Sports Betting: Not So Fast
There is a lot of talk about how legalized sports gambling in the U.S. could infuse the industry with new revenue opportunities. Experts see growth in everything from fan engagement to sponsorship, viewership, and advertising. Many see prop betting (bets made on in-game outcomes) as the biggest opportunity – especially as a way to attract people to the venue. Listen to one of sport's visionaries, Ted Leonsis, describe how he envisions the stadium experience of the future in this video.
Now consider the financial expectations people have for bringing legalized sports gambling "out of the dark":
- $3.1 billion; that’s the estimated annual revenue of the US sports betting market by 2023.
- As much as $380 billion is wagered illegally in the U.S. each year, according to The American Gaming Association.
Even traditional revenue streams stand to benefit from this opportunity. According to a Nielsen study, legal sports betting would positively impact NFL media rights by 17.9%, sponsorship by 7.6%, ticket sales by 6.5%, and merchandise by 2.1%, representing a $1.75B increase in annual revenue from fan engagement.
Fans betting on games are more emotionally and financially invested in the outcome. In fact, they're 19 times more likely to watch a game if you've bet on it. Teams are wise to target this audience by paving the road for data rights deals and partnerships with sportsbook operators. Some early deals already demonstrate the financial upside of understanding this market:
- NBA is the first U.S. pro sports league to sign a deal with a gambling partner.
- Vegas Golden Knights are the first NHL team to sign a deal with a sportsbook operator.
- Dallas Cowboys are the first NFL team to sign a deal with a casino partner.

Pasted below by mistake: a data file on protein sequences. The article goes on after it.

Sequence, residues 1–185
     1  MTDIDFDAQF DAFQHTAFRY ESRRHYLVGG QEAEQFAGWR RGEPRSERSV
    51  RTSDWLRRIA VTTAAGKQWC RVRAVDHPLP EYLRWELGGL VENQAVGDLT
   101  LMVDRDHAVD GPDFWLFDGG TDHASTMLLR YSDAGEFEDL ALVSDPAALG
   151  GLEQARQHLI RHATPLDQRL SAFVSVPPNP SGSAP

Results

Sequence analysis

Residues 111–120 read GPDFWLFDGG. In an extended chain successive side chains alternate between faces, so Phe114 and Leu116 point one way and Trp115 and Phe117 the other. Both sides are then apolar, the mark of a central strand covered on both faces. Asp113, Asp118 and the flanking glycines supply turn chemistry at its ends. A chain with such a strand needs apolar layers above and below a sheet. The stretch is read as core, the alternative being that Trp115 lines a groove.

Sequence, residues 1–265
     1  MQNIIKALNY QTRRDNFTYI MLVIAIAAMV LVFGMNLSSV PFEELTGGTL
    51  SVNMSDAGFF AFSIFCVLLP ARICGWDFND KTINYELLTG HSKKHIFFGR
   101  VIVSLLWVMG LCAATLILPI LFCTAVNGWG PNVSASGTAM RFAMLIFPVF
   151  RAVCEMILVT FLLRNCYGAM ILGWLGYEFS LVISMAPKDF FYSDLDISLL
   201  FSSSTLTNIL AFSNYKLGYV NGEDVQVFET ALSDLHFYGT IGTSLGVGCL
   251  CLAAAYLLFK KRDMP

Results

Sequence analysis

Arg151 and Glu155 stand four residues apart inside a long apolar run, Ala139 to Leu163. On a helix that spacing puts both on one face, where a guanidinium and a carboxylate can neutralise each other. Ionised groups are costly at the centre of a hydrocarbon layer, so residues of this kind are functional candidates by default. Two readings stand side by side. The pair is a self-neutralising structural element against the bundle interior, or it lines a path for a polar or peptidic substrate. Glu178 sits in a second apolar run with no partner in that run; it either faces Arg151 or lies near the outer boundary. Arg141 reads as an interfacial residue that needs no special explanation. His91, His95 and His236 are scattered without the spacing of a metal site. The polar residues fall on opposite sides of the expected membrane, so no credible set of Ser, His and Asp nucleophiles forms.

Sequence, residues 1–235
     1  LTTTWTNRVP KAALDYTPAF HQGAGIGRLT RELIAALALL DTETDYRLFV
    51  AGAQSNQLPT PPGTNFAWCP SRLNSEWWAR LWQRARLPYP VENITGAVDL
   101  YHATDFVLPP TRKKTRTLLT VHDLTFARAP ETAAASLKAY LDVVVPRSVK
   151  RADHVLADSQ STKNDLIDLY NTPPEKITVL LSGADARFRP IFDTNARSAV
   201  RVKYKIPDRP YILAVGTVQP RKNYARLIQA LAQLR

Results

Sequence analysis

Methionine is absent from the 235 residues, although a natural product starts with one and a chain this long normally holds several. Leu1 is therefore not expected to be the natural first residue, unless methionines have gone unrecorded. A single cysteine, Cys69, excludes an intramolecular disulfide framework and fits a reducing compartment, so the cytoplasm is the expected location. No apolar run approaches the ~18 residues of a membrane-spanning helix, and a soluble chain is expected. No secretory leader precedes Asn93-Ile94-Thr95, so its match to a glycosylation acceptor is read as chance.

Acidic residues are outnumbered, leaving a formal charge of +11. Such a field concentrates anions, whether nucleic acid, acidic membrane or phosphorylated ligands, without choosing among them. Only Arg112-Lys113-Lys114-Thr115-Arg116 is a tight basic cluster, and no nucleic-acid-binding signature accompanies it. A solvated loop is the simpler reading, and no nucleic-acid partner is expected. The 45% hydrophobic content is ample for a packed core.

The New Jersy Devils project $5 million this year in sports betting deals after New Jersey won its U.S. Supreme Court case, prompting team President Hugh Weber: "Being the only (NHL) team in New Jersey gives us a huge advantage." As sports betting becomes legal on a state-by-state basis, we anticipate partnership announcements (and increased game related revenue) with sportsbook makers for the following teams*:
*Note this analysis excludes casinos, which exist in most states and have been approved to become corporate partners of NFL teams.
So the big question remains are stadiums ready to deliver real-time data for fans who want to bet in the venue?
The answer is no.
For example, our proprietary Smart Venue Viability research finds that only 15% of NHL-only arenas are equipped with Distributed Antenna Systems (DAS), the technology that boosts mobile connectivity and network access. The NBA, including multipurpose NBA/NHL arenas, has DAS installed in 100% of arenas. If venues are going to deliver on this technical challenge, these leagues will need to start looking at how they serve their fans digitally, and not just from a social media standpoint; data and Wi-Fi are about more than just Snapchat.
The risk of moving too quickly or doing this wrong is not small for the major sports properties. A FiveThirtyEight profile shows an example of how every crack in the system will get exploited. Networking delays, broadcasting delays, instant replay calls… it's a pretty complicated tech stack and every rule change will impact gamifying and protecting the integrity of the product on the field, court, or ice.
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